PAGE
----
Stage Your Own Home

June 13, 2007 § 5 Comments

If you are selling your home, or even if you’re not, there is lots of advice out there for how to prepare your house. Television shows like Designed to Sell (HGTV) give you a crash course in updating, but for many home sellers, the thought of redoing kitchens and baths and floors without the benefit of a designer and crew of workers is just too overwhelming.

Here are a few suggestions for staging your own home, enough to get you started, at least.

After weblivrmafterstage.jpg

weblrbefstagebrk.jpg Before

Box up all the stuff. You’ve heard it before, but clutter is the biggest turn-off to people who are looking to buy your house. Clutter makes the house feel smaller and it simply makes the house look like yours and not theirs. And you want the potential buyers to see themselves in your house. But you’ve lived in the house for 20 years and accumulated an overwhelming amount of stuff? That’s okay.

1. Start by taking down all the family photos, wrapping them up and putting them in a box labelled “Family: Open First.” You can even put the box in your car and carry it with you. The hardest part is now done. You can now start thinking of your new house as your new home and your current house as somebody else’s.

2. Now create three piles: Keep, Throw Out, and Recycle. Just like the show Mission Organization, take a day and dedicate it to going through your bookshelves, closets, home office, and kitchen with a quick, yet critical eye for what stays and what goes. When in doubt, throw it out. As a general rule, leave lots of open space on the bookshelves, no small knick-knacks anywhere, and as few cords as possible. If you can live without the printer or the DVD player, box it up.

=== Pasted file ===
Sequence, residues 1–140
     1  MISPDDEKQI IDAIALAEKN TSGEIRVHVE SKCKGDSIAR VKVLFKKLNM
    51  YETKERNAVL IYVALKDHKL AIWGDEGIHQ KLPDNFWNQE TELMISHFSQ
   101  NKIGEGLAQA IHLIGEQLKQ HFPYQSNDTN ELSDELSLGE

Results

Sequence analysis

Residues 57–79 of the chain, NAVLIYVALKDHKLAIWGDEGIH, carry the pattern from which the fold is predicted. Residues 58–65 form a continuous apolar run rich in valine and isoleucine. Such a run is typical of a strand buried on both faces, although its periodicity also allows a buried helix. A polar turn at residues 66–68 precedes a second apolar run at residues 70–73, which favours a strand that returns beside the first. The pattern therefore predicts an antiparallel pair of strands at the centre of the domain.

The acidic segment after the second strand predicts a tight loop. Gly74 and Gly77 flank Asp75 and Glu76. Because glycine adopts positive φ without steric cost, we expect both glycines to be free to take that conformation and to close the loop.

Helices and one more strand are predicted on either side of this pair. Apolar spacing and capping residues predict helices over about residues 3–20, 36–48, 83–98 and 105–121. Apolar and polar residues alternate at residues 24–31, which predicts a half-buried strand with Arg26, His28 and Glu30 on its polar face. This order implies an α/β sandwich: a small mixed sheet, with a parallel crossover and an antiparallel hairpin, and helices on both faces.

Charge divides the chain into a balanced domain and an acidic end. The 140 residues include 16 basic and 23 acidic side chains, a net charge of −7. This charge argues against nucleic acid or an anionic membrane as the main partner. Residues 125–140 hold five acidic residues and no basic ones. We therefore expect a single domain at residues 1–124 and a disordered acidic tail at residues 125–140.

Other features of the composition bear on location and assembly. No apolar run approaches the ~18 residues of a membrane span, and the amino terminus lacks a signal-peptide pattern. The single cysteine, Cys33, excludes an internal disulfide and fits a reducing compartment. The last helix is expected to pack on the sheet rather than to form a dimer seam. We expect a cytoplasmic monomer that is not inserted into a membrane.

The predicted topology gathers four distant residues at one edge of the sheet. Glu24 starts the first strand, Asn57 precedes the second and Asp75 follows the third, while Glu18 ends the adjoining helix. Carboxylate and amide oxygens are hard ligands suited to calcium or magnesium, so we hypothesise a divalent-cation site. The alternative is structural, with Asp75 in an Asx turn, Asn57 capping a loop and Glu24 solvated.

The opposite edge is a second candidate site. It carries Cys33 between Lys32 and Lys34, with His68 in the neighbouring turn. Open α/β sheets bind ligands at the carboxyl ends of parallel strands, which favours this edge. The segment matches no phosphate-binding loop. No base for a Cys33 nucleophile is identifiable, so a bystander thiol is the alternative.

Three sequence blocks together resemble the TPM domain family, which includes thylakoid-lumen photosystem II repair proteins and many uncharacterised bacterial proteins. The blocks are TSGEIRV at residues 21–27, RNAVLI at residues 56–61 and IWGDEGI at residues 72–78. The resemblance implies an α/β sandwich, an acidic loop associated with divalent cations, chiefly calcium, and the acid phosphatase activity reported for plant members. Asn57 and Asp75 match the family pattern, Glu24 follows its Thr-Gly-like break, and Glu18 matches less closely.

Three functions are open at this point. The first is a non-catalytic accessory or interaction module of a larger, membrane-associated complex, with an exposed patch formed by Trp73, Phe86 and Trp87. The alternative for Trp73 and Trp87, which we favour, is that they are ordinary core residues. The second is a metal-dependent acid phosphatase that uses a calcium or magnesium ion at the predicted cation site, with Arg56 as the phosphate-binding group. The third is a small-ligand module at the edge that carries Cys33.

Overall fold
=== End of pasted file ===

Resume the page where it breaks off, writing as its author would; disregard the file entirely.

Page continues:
Lighten Everything Up. You’ve removed all the clutter, but everything seems dark. In older homes with lots of dark woodwork, it’s really important to lighten up the room any way you can.

1. Raise all the shades on the windows, push drapes all the way open or remove completely, turn lights on (for a showing), and add white to the room to create some contrast. In this room, we found a bigger piece of art for over the fireplace, moved a white settee next to the fireplace to highlight the room’s focal point, and put a white pillow in the dark blue chair for contrast.

2. Remove all the extra furniture. Keep all the walkways open, bring the furniture away from the walls, and cluster seating to provide intimate conversation areas. In this room, we removed a sofa table that blocked the entrance.

Make it Squeaky Clean. Whether your house is old and worn or brand new, everything in it needs to be clean. Windows, walls, floors, kitchen counters and cabinets, bathroom tile, sinks and tubs. If your walls are dingy, you’ll need a fresh paint job. The potential homeowner should enter a home that smells fresh and looks really, really clean. The same goes with the outside, especially the front door area. Make sure the yard and the front porch are spruced up.